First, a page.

Hormel has become the latest large pork processor to announce its intention to eliminate the processing of animals fed with ractopamine, a growth enhancing feed supplement commonly given to feeder pigs in the US for over a decade. The supplement stimulates late development gains as animals approach finished weights.
Since its broad introduction in the United States where it is approved as safe by the U.S. Food and Drug Administration, many countries expressed health concerns over the use of the additive, and most banned the import of meat from animals fed with it. Included within the list of the countries with such bans are such major food consumer markets as China, Russia, and the European Union. Japan, South Korea, New Zealand deem it safe, and NAFTA and the pending successor USMCA allows its free use and consumption within Canada, Mexico and the U.S.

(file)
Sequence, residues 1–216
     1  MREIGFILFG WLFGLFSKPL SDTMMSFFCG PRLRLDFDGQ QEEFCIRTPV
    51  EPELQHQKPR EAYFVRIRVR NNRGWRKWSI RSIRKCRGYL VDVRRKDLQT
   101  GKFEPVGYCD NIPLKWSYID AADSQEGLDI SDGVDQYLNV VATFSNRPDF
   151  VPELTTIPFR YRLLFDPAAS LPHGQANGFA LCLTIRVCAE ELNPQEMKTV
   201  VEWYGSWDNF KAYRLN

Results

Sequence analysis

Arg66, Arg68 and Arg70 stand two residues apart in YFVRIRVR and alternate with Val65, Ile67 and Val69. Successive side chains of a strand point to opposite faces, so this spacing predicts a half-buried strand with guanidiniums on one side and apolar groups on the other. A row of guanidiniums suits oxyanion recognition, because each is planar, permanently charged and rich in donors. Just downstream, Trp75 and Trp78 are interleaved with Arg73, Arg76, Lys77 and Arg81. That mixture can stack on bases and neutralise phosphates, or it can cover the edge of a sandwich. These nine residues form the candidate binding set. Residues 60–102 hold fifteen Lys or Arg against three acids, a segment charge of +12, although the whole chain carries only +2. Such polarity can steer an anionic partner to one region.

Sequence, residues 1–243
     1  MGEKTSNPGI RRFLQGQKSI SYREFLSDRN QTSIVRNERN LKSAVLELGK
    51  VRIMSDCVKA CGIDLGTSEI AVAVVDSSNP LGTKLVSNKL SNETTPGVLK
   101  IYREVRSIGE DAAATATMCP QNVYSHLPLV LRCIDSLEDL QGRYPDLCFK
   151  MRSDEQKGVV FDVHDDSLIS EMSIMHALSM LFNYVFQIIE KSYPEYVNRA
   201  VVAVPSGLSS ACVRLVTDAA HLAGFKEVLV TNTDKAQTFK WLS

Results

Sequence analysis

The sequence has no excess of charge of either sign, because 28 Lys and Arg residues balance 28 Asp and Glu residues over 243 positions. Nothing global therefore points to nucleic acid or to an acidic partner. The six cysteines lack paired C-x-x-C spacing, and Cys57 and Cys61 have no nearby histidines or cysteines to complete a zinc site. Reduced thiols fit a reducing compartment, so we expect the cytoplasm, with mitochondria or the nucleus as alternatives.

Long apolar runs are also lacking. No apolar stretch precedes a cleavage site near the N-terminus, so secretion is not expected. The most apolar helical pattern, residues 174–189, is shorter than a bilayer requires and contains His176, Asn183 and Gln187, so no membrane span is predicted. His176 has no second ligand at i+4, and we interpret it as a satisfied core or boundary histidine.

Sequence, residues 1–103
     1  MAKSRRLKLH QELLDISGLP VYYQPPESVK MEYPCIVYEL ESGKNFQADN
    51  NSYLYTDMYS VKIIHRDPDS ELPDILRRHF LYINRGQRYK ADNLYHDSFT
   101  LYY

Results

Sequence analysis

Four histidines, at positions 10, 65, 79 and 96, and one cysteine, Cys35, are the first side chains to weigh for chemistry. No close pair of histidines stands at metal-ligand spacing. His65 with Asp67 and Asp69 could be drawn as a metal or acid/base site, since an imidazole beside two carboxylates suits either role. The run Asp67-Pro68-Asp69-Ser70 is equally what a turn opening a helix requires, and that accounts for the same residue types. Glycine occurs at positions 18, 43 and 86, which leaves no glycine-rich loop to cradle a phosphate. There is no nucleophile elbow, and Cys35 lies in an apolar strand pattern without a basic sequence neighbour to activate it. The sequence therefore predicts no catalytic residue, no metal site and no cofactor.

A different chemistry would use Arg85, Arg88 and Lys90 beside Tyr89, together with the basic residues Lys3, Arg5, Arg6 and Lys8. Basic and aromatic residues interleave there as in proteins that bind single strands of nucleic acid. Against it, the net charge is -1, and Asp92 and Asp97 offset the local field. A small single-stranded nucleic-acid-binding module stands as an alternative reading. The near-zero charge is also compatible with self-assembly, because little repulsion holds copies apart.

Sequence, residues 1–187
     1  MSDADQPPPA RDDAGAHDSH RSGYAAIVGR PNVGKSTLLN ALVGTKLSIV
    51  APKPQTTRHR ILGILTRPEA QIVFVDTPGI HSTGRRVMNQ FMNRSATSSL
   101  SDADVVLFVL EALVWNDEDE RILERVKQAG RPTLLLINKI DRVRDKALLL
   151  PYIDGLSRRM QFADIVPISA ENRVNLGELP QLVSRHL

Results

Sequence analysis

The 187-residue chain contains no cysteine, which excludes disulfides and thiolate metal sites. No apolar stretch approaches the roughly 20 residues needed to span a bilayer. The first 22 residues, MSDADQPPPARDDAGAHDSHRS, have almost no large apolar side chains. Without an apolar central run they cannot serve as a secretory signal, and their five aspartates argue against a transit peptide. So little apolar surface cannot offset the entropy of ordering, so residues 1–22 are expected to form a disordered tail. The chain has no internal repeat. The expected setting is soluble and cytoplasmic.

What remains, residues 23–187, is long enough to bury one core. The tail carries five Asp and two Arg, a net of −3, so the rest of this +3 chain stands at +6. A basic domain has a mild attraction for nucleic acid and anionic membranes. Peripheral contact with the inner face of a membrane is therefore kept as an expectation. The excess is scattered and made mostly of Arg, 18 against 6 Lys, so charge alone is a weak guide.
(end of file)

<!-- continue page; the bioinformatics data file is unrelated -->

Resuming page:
The restrictions on ractopamine use have proved especially difficult to overcome for American producers in the world marketplace. Meats from animals not fed with the supplement easily test positive if the carcasses were processed at plants where animals to which ractopamine was fed were previously handled.
Elimination of use of ractopamine will no doubt result in either a bit smaller carcass weights at slaughter, or a greater value of production inputs to be overcome by sales price, but should result in greater market access for American pork.
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